In The Mess

In The Mess


The Reverend Amelia Nugent Edson serves the Falmouth Congregational Church in Falmouth, Maine.

Scripture:  John 20:19-31 (NRSV)

When it was evening on that day, the first day of the week, and the doors of the house where the disciples had met were locked for fear of the Jews, Jesus came and stood among them and said, ‘Peace be with you.’ After he said this, he showed them his hands and his side. Then the disciples rejoiced when they saw the Lord. Jesus said to them again, ‘Peace be with you. As the Father has sent me, so I send you.’ When he had said this, he breathed on them and said to them, ‘Receive the Holy Spirit. If you forgive the sins of any, they are forgiven them; if you retain the sins of any, they are retained.’

But Thomas (who was called the Twin), one of the twelve, was not with them when Jesus came. So the other disciples told him, ‘We have seen the Lord.’ But he said to them, ‘Unless I see the mark of the nails in his hands, and put my finger in the mark of the nails and my hand in his side, I will not believe.’

A week later his disciples were again in the house, and Thomas was with them. Although the doors were shut, Jesus came and stood among them and said, ‘Peace be with you.’ Then he said to Thomas, ‘Put your finger here and see my hands. Reach out your hand and put it in my side. Do not doubt but believe.’ Thomas answered him, ‘My Lord and my God!’ Jesus said to him, ‘Have you believed because you have seen me? Blessed are those who have not seen and yet have come to believe.’

Now Jesus did many other signs in the presence of his disciples, which are not written in this book. But these are written so that you may come to believe that Jesus is the Messiah, the Son of God, and that through believing you may have life in his name.

Reflection: In The Mess

Rev. Amelia Nugent Edson

I didn’t find Jesus until I left the church. Church, as I experienced it as a child, was a place for shiny, happy people. You had to dress up and “get presentable” to go. It was a place to be on your best behavior, a place for being especially good, compliant, and nice. Church was a place for pretending; the mess of our real lives had no place there.
Isn’t it odd then, that Jesus seems to show up right in the middle of life’s messiest moments? Jesus seems pulled towards pain, doubt, anger and fear like a moth to a flame. Throughout his ministry, Christ heals wounds, naming this work as a sign of God’s kingdom. He spends time in the places in society where people have it the least together: eating with tax collectors and sex workers and going out of his way to visit Samaria, a place avoided by respectable Israelites. In this passage, Jesus comes through locked doors to Thomas who has just cried out his grief and unbelief. Jesus appears not to those who dutifully believe, but to the one who is authentic enough to voice doubt. Once he has arrived, he connects with Thomas not through his divine glory, but through the power of his wounds, offering them up to Thomas as proof that he truly is the risen God. It is through the mess of Jesus’s hands and side that Thomas receives the Easter message.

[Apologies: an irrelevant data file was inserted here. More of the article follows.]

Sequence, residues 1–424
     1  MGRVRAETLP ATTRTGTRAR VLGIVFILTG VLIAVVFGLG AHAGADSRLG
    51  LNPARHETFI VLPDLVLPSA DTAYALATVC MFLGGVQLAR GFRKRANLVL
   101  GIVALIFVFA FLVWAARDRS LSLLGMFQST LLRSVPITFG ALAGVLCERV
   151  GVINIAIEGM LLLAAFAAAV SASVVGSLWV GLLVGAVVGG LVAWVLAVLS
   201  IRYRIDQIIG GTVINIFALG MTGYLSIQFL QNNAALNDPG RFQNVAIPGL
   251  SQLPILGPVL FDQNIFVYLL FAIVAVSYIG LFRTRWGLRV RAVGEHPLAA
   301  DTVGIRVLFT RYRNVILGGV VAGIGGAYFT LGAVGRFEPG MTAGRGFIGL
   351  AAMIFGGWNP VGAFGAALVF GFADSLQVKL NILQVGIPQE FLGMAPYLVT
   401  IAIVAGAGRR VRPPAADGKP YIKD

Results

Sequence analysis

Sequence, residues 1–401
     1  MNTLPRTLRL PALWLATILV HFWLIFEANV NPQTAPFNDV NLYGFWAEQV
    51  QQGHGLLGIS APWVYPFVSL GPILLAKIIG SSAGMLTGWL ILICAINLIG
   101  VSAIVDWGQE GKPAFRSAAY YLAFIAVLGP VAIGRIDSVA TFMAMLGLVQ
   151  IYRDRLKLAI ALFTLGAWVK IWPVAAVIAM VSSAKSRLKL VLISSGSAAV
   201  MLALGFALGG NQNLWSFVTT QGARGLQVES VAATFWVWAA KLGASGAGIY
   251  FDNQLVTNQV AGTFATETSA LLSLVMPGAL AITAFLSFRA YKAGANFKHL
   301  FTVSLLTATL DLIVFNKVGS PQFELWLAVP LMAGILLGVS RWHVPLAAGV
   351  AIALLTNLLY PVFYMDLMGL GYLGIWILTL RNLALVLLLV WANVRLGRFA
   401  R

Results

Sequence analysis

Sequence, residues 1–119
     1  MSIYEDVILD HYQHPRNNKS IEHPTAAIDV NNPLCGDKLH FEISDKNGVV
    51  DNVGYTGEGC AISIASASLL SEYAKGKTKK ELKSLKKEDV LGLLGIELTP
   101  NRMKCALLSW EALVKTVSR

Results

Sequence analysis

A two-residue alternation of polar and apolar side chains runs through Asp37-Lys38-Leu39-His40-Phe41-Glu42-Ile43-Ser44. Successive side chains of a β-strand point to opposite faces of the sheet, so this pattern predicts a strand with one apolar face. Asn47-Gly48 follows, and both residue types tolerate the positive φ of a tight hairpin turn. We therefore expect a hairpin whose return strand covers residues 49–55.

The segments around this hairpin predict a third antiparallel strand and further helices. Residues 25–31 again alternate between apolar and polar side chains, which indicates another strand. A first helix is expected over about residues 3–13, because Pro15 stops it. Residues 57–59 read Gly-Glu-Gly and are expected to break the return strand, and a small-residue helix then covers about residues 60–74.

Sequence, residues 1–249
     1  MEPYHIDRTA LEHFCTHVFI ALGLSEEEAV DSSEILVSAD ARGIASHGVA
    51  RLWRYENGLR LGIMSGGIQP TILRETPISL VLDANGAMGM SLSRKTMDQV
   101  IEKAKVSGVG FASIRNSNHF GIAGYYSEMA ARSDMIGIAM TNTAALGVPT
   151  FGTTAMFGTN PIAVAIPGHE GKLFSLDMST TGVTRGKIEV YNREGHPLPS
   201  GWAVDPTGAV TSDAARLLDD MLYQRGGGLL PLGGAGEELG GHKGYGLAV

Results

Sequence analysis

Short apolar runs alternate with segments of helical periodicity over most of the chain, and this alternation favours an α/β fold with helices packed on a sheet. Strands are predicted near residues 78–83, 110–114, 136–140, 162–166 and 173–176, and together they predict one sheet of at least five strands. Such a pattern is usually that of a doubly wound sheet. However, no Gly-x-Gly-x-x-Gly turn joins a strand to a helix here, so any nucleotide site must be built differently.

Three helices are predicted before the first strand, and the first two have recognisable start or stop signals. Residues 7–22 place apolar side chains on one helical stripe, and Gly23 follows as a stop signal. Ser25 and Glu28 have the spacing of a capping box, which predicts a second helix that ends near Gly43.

I found Jesus working in politics, as I watched people of faith wrestle with messy, real-life, issues — issues of inclusion, equity, and righteousness. These people, who could cry and cuss and show their true, wounded, beautiful selves, made me think that maybe Jesus was for real people, even someone like me.
As we go out and preach this passage this week, whether with a pulpit or with our lives, may we remember that mess is where Jesus shows up most. In the mess and vulnerability of our own lives, we meet the vulnerability of the crucified and risen Lord, and it is there that we find life in his name.


Lord Jesus, help me stop playing pretend. Give the church less pretty flowers and more messy life- for that is what draws you near.  Amen.

New Prayer Requests:

We ask churches and church leaders to join us in the following prayers either by sharing them during worship, printing them in bulletins, or sharing them in some other way. To make a prayer request, please contact Drew Page at

Prayers of Intercession:

  • For those grieving for the more than 553,000 dead due to the Covid-19 disease
  • For the victims and their families of the 123 mass shootings already carried out in 2021
  • For those grieving or suffering in Indonesia where floods and mudslides have killed more than 40 people
  • For those grieving or suffering after a train accident in Taiwan killed at least 50 and injured more than 150 others

Prayers of Joy and Thanksgiving:

  • For innovative thinkers who discover fresh ways of doing church

This Week in History:

April 6, 1896 (125 years ago) The first Modern Olympic games was held in Athens, Greece, more than 1500 years after it was banned by Roman Emperor Theodosius I. In 1896, 280 participants (all men) from 13 nations competed in 43 events, covering track-and-field, swimming, gymnastics, cycling, wrestling, weightlifting, fencing, shooting, and tennis. The 2020 Summer Olympics (the XXXII Olympiad), postponed last summer due to the Covid-19 Pandemic, will be held in Tokyo beginning July 23, 2021. More than 11,000 athletes from 206 nations are expected to compete is 33 sports.

“Study the past if you would define the future.”

Amelia Nugent Edson

Rev. Amelia Nugent is pastor at Falmouth Congregational Church, UCC and is passionate about meaningful worship that fuels Spirit filled and justice oriented lives.  

April 05, 2021
Subscribe to our emails
Framingham, MA Office

1 Badger Road
Framingham, MA 01702

Hartford, CT Office

125 Sherman Street
Hartford, CT 06105

Toll Free Phone: 866-367-2822
Fax: 866-367-0860
General Email: